Sunday, April 3, 2016

Matthew 12:25, 30: Christian Unity

Jesus said to [the Pharisees], “Any country that divides itself into groups which fight each other will not last very long. And any town or family that divides itself into groups which fight each other will fall apart . . . .  Anyone who is not for me is really against me; anyone who does not help me gather is really scattering.” (Good News Translation)

The Pharisees cause disunity in the Jewish community by condemning Jesus’ healings, attributing them as not coming from God. Jesus’ reply points out the collapse caused by disunity, a kingdom divided into groups will fall apart. And there are several important lessons here. Israel, at the time of Matthew's narrative, was divided into four main factions of Jews: Pharisees, Sadducees, Essenes, and Zealots. In addition, there were the Samaritans who, although they worshipped the God of Abraham and Moses, were not even considered Jews by the Israelites.  Finally, there was the division of those who believed in Jesus as the Messianic fulfillment, God’s Christ, and there were those who, like these Pharisee’s in this text, rejected and condemned Jesus. Israel, God’s chosen people, were divided.

The same message holds true to Christians in today’s church. Unfortunately, many ultra-conservative, traditionalist Catholics and Protestants focus on doctrinal, historical, and political issues as a means of division and disunity. This rift, as a result, causes those faithful to Jesus Christ to sometimes resent and condemn each other because of their divided worldviews.

Recently, I was drawn into an argument by a distant relative. She was excited to see that I had surrendered my life to Christ since she, too, recently discovered Christ’s love in her life.  However, once she found out that I was a Roman Catholic, she denounced me as a non-Christian. Out of curiosity, I asked why she thought this. Through her response, I discerned the following: Misinformed by media outlets and anti-Catholic rhetoric from those in her church, she, as an emerging Christian, received poor catechesis in our ecumenical Christian faith. My initial reaction was to be offended and upset; instead, God gave me the grace to pray.  After all, that is what Jesus teaches in John 17:21 when he prays the high priestly prayer: “I pray that they may all be one. Father! May they be in us, just as you are in me and I am in you.” At the end of it all, we agreed on one beautiful thing that bonds us together -- Christ’s love and mercy.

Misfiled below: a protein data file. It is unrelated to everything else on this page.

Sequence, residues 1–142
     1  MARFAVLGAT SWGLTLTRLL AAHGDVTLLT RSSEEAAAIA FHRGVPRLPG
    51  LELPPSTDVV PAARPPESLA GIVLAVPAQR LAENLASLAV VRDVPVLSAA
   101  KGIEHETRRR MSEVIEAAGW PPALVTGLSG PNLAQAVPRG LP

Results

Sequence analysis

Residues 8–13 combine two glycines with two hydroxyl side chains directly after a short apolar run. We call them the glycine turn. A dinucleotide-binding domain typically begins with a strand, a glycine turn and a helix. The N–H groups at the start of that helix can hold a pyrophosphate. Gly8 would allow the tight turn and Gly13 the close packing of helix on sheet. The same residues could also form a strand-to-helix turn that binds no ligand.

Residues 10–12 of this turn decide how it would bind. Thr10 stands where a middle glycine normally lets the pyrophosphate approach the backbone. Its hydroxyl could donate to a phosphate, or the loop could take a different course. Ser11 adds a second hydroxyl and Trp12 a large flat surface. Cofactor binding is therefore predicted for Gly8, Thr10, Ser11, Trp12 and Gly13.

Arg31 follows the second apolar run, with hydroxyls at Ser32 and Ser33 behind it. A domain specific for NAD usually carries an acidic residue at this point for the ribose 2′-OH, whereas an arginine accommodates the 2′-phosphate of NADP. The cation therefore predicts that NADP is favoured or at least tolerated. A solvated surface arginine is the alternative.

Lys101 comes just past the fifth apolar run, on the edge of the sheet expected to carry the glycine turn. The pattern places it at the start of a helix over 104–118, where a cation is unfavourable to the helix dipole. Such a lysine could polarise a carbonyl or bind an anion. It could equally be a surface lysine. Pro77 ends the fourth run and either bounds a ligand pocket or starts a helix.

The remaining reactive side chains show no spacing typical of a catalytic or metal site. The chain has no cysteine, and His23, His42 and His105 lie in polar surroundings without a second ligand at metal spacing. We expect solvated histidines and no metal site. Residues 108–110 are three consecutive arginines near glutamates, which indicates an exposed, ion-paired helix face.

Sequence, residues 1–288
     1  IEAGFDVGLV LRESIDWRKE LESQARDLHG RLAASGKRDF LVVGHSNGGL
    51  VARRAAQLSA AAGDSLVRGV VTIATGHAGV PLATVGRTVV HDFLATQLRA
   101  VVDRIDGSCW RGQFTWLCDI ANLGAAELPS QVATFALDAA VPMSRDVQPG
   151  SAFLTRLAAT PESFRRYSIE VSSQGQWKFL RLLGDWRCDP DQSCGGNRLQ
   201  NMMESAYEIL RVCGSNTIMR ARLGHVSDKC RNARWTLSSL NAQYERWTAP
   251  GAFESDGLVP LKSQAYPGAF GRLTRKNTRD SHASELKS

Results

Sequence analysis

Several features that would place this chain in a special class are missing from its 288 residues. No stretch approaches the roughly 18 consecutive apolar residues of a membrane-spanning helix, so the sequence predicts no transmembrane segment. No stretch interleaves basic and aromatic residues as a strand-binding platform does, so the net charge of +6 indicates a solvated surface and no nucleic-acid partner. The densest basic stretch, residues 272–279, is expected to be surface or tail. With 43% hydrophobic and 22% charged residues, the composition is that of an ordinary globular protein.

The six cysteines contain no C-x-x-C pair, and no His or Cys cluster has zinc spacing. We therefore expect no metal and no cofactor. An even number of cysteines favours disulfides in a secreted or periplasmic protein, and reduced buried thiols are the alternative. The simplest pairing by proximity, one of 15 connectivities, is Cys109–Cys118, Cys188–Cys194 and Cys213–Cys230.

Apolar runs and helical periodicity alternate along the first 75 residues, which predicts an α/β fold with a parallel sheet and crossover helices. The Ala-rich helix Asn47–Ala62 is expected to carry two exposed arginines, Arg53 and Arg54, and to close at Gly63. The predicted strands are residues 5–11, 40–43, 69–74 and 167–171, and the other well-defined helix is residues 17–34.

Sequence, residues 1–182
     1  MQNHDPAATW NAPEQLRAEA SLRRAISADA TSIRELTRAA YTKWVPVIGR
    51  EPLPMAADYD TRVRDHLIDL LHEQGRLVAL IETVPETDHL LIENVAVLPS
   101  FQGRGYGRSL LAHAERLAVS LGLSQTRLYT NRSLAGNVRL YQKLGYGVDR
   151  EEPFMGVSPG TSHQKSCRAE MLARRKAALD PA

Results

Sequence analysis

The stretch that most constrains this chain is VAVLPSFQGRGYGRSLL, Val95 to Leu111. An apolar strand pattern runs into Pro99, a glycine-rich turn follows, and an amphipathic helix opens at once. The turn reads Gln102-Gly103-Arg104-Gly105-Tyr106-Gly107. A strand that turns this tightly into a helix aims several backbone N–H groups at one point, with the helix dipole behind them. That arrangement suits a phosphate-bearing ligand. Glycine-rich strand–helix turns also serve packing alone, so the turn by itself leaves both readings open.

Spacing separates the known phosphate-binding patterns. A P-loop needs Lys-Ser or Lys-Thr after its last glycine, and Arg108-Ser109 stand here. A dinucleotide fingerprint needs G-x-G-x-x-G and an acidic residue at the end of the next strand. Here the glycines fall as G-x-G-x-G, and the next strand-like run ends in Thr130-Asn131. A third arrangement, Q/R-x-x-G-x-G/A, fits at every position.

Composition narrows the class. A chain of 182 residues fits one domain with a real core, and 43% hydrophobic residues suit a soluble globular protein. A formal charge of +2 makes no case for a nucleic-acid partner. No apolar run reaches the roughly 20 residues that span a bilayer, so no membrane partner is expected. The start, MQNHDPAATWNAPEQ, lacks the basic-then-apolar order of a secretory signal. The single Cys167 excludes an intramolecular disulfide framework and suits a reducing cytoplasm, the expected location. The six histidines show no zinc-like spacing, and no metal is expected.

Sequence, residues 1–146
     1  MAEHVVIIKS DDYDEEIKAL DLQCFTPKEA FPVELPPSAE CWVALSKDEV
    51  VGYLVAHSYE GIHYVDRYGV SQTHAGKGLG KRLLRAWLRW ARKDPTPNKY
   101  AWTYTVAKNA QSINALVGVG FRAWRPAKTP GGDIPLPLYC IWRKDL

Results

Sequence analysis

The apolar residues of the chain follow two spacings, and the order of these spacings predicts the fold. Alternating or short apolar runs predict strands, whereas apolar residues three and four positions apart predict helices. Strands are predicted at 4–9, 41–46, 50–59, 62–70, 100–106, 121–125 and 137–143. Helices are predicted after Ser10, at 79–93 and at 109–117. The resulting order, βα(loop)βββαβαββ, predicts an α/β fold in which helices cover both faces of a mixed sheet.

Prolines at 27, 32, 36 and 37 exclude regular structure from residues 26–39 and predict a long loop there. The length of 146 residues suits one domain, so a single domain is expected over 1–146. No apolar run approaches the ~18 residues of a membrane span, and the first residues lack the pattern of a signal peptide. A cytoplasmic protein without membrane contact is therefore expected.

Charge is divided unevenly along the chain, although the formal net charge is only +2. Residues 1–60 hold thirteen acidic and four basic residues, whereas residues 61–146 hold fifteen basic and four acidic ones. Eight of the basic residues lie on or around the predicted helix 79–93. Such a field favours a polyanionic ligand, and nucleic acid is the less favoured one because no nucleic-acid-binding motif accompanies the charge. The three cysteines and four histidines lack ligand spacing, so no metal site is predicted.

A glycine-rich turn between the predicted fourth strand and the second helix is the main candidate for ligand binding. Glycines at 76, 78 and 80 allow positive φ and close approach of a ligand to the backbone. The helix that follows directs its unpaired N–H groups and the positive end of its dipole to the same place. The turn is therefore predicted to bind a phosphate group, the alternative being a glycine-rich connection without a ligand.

As Christians, whether Orthodox, Catholic, Baptist, Methodist, Presbyterian, or non-denominational, we all follow the teachings and way of Jesus Christ, are grafted into Christ through Baptism, hold the Bible as sacred, and aim to love God and neighbor. Our hope, then, in Christ, is to unite and not divide. Jesus says, “Anyone who is not for me is really against me; anyone who does not help me gather is really scattering” (Matthew 12:30). Let us join together and be gatherers for Christ!

Please join me in prayer:
Lord Jesus, let us all, united in you, be gatherers. Let our lives be a reflection of Christian unity and love brought together in you. Let our arms, hands, feet, and hearts work as one body gathering all in unity into your love. Amen.

May the peace and love of Christ be with you all.